• Canadian Prime Minister Justin Trudeau marches in the gay pride parade in Toronto (Getty Images, Toronto Star)Source: Getty Images, Toronto Star
He is the first Canadian prime minister to participate in the annual LGBTQIA+ event.
By
Alyssa Braithwaite

5 Jul 2016 - 12:05 PM  UPDATED 5 Jul 2016 - 12:05 PM

As Australian politicians argue about the merits of a same-sex marriage plebiscite, Canadian Prime Minister Justin Trudeau was dancing, waving flags and taking selfies out the front of Toronto's Pride Parade.

Trudeau is the first sitting prime minister to participate in the annual event, reaffirming his support for the rights of the LGBTQIA+ community in Canada.

"I've been coming to this for years and it's sort of frustrating that it has to be a big thing," Trudeau told Canada's CP24.

"It shouldn't be a big thing that the prime minister is walking in the Pride Parade, and from now on, it won't."

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Trudeau spent nearly two hours walking in the parade on July 3, broken up with some dancing and a couple of direct hits from toy water guns.

Walking alongside the Prime Minster during the march was Bassel Mcleash, a 29 year old Syrian refugee who had hoped to catch a glimpse of Trudeau as he took part in the parade.

Mcleash was stunned to find himself walking next to the leader of his newly-adopted country.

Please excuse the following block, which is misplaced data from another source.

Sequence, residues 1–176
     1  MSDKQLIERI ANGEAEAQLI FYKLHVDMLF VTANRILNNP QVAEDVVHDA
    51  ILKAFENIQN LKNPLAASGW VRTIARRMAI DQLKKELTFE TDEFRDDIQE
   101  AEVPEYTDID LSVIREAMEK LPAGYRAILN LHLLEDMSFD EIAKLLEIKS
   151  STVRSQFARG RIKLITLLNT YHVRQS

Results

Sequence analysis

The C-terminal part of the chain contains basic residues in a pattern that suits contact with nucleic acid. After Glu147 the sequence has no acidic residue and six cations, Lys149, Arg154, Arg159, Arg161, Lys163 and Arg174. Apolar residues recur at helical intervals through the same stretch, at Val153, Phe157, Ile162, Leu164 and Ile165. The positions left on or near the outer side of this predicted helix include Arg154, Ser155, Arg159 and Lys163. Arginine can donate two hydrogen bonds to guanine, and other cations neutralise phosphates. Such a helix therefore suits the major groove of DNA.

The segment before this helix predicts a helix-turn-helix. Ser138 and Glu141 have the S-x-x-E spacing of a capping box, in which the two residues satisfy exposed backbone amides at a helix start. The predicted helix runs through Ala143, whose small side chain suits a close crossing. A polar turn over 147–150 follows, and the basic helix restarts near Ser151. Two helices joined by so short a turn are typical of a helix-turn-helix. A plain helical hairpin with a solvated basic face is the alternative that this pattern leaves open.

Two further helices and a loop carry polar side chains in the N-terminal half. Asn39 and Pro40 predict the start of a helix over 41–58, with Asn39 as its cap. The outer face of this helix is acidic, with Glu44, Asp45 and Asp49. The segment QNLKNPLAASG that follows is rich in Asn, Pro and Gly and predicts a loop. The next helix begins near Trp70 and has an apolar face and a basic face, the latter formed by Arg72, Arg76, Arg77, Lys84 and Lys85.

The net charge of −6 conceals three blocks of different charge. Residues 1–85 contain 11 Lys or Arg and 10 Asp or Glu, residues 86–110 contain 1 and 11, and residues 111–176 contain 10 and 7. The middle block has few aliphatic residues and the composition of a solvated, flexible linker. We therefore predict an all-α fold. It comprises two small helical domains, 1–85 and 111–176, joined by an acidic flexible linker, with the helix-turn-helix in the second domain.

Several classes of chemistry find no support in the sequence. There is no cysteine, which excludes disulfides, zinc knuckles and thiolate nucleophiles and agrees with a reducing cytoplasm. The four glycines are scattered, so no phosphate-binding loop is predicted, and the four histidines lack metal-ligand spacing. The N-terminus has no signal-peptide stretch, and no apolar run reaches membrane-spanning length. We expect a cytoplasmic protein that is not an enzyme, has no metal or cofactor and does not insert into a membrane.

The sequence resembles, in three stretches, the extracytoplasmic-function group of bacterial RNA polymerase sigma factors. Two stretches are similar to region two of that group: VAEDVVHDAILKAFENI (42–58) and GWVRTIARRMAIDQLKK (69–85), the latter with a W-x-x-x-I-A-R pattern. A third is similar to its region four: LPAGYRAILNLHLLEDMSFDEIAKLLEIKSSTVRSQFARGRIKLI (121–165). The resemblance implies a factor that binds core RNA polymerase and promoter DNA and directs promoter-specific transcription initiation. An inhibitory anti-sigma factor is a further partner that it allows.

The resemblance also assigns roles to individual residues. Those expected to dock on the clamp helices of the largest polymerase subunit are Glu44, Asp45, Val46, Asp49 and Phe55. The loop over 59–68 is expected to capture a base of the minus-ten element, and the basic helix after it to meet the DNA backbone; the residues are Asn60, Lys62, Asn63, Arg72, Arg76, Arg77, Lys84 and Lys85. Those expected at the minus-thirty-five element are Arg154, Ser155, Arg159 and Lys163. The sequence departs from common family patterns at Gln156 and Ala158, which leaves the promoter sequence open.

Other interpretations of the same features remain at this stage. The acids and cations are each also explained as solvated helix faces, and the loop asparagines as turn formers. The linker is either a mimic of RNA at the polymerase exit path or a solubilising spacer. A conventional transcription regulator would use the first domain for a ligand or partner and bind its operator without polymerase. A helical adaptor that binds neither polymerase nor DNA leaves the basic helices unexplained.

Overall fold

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"Just the idea of attending a pride parade was a dream," he told The Guardian.

"To march in it was like an extreme dream. But to march in the parade next to the prime minister - not in my wildest dreams would I ever have thought about having a day like this."

Three hard years after leaving Damascus, Mcleash arrived in Toronto in May through a program for LGBT+ Syrians launched by Toronto organisation Rainbow Railroad, which helps LGBT+ people escape persecution and violence.

Halfway through the march Mcleash turned to Trudeau and thanked him for his government's commitment to bringing in tens of thousands of refugees to the country. 

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"He told me that Canadians were the ones who asked him to take in refugees," he said.

"I literally wanted to cry. I was barely able to contain myself."

Later that day, Trudeau used the occasion to discuss introducing a gender-neutral selection on identity cards.

He hasn't given details, but said the government was exploring the "best way" and studying other jurisdictions. 

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"That's part of the great arc of history sweeping towards justice," he said.

Ten years ago this week, the Canadian parliament passed the Civil Marriage Act, making Canada the fourth country in the world to legalize same-sex marriage.